Lime—the San Francisco-based company behind those scooters that threatened to call the cops on people—lost a request on Friday for a temporary restraining order that would have delayed two competitors from launching in the California city next week.
TechCrunch reported Friday that Lime filed the lawsuit this week as a last-minute attempt to stop the deployment of scooters from the two companies, Skip and Scoot. The move comes in response to the San Francisco Municipal Transportation Agency (SFMTA) previously denying Lime a permit to operate its scooter operation in San Francisco.
Lime maintains that it was unfairly denied a permit by the SFMTA after the company deployed its scooters in March without first securing permission from the city, TechCrunch reported in August. Ahead of the respective San Francisco launches of Skip and Scoot, the only two companies selected by the city for its one-year electric scooter pilot program, Lime said it had “no choice but to seek emergency relief in the court.”
Interestingly, the company said in a statement to Gizmodo that it considers the hearing in which Lime failed to secure the temporary restraining order against Skip and Scoot “a victory for the people of San Francisco and Lime.” The company added:
The Honorable Harold E. Kahn voiced serious concerns about the San Francisco Municipal Transit Agency’s (SFMTA) permit process and ordered expedited discovery into the SFMTA’s selection process. In a rare move, the Judge ordered five key SFMTA officials and staff—including Director of Transportation Ed Reiskin himself—to testify next week. There will be another public hearing on this issue before Judge Kahn in mid-November, where the SFMTA will be required to answer to the people of San Francisco, and explain exactly what happened in the SFMTA’s biased selection process.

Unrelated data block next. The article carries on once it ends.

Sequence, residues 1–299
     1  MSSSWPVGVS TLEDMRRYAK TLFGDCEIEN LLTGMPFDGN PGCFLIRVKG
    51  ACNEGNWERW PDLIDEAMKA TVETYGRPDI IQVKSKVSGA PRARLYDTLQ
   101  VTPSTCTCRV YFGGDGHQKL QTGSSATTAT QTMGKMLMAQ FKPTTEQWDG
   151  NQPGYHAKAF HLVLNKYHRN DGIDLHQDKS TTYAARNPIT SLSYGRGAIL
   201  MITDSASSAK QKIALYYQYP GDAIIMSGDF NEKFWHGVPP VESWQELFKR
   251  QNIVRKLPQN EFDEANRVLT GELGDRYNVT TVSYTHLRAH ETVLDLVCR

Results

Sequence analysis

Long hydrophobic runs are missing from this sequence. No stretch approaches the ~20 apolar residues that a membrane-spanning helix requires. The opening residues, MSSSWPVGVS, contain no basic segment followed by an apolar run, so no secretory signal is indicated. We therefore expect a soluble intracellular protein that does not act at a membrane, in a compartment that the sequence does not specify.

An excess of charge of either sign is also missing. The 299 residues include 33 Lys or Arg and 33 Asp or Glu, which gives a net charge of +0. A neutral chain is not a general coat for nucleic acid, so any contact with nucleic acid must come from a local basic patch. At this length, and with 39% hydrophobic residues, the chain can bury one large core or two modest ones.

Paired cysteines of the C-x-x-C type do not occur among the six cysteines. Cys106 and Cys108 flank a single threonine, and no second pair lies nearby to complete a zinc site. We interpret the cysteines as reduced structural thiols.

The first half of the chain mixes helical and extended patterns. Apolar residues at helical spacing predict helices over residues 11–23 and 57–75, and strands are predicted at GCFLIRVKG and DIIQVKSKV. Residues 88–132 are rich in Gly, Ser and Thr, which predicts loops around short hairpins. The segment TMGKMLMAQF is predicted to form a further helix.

Lime said that it didn’t file the lawsuit in order to halt the operations of rival companies but rather to expose what it characterized as a “biased and flawed process” on the part of the SFMTA.
The city, for its part, said that it is pleased with the court’s decision to deny Lime’s request for a temporary restraining order and refuted Lime’s claims that its selection process was biased. John Cote, communications director for City Attorney Dennis Herrera, told TechCrunch in a statement that its permit program was both “both fair and transparent.”
“Lime just didn’t like the outcome,” Cote said. “The reality is that Lime’s application fell notably short of its competitors. That’s why it didn’t get a permit. San Franciscans deserve scooter services that are safe, equitable and accountable, which is exactly what this pilot program was designed to do.”
According to TechCrunch, JUMP, Spin, Lime, CycleHop, ofo, Razor, USSCooter, Lyft, and Ridecell also applied for e-scooter permits in San Francisco and were denied.